Set in the late 1920s, The Age of Shadows follows the cat-and-mouse game that unfolds between a group of resistance fighters trying to bring in explosives from Shanghai to destroy key Japanese facilities in Seoul, and Japanese agents trying to stop them. A talented Korean-born Japanese police officer, who was previously in the independence movement himself, is thrown into a dilemma between the demands of his reality and the instinct to support a greater cause.Written by
This film is Warner Bros. first Korean production. See more »
In the train one of the resistance members open the pocket watch with QUARTZ inscription on dial. Second hand of the watch moves in distinct steps reaffirming they have a quartz movement inside. Quartz watch was not invented in 20s and was not available till late 60s. See more »
Not your usual run-of-the-mill freedom fighter story...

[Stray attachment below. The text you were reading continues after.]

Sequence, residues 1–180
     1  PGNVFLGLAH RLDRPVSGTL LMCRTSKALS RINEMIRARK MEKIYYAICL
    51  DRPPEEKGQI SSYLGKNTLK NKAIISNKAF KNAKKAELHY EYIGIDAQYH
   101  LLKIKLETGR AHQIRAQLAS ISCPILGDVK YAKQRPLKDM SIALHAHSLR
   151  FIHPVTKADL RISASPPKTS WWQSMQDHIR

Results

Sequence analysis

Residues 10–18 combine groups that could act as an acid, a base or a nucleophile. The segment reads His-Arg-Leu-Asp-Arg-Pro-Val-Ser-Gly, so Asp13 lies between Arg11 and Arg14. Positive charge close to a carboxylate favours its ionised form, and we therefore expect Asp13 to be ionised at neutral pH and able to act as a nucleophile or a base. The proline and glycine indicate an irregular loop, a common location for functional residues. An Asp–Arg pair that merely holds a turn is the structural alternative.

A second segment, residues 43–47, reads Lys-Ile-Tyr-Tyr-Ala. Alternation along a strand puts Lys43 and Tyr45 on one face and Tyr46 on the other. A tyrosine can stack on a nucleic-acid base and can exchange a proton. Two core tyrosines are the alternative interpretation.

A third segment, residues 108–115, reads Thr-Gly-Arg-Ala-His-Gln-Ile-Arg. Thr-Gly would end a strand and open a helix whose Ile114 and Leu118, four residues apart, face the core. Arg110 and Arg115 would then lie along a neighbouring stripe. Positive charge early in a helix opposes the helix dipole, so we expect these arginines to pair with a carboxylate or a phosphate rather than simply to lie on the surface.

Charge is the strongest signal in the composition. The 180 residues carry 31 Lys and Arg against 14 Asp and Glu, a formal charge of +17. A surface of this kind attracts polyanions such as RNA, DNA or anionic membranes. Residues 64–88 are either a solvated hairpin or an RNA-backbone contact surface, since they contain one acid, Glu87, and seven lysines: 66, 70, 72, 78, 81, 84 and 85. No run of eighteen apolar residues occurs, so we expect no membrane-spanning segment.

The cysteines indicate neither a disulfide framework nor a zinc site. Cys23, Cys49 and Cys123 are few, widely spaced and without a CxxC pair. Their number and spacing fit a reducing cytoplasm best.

This is a stylish depiction of a plot to destabilise the Japanese occupation of the Korean peninsula in the early 1920s. The resistance fighters are determined to smuggle explosives into Seoul to destroy key facilities; to kill leading individuals in the oppressor's administration whilst avoiding the Japanese Imperial police who are hot on their trail - and who may well have a spy amongst their number too. I found it a bit too dialogue heavy and you certainly can't doubt the perspective of the good v evil narrative taken by director Jee-woon Kim exemplified by the occupying forces use of some pretty eye-watering brutality on their captives. Kang-ho Song. Yoo Gong and Byung-hun Lee - and the train on which they are travelling - work well in perpetuating the suspense and jeopardy - right until the end. The attention to detail is classy, creative cinematography lending much to the overall look and feel of this tautly paced effort and as cat and mouse adventures go, it is certainly a good one.
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